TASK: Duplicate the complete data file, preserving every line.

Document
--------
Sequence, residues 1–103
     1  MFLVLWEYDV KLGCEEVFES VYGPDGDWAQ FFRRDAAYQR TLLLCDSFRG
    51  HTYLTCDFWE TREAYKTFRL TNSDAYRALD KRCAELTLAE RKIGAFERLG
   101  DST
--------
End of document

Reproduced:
Sequence, residues 1–103
     1  MFLVLWEYDV KLGCEEVFES VYGPDGDWAQ FFRRDAAYQR TLLLCDSFRG
    51  HTYLTCDFWE TREAYKTFRL TNSDAYRALD KRCAELTLAE RKIGAFERLG
   101  DST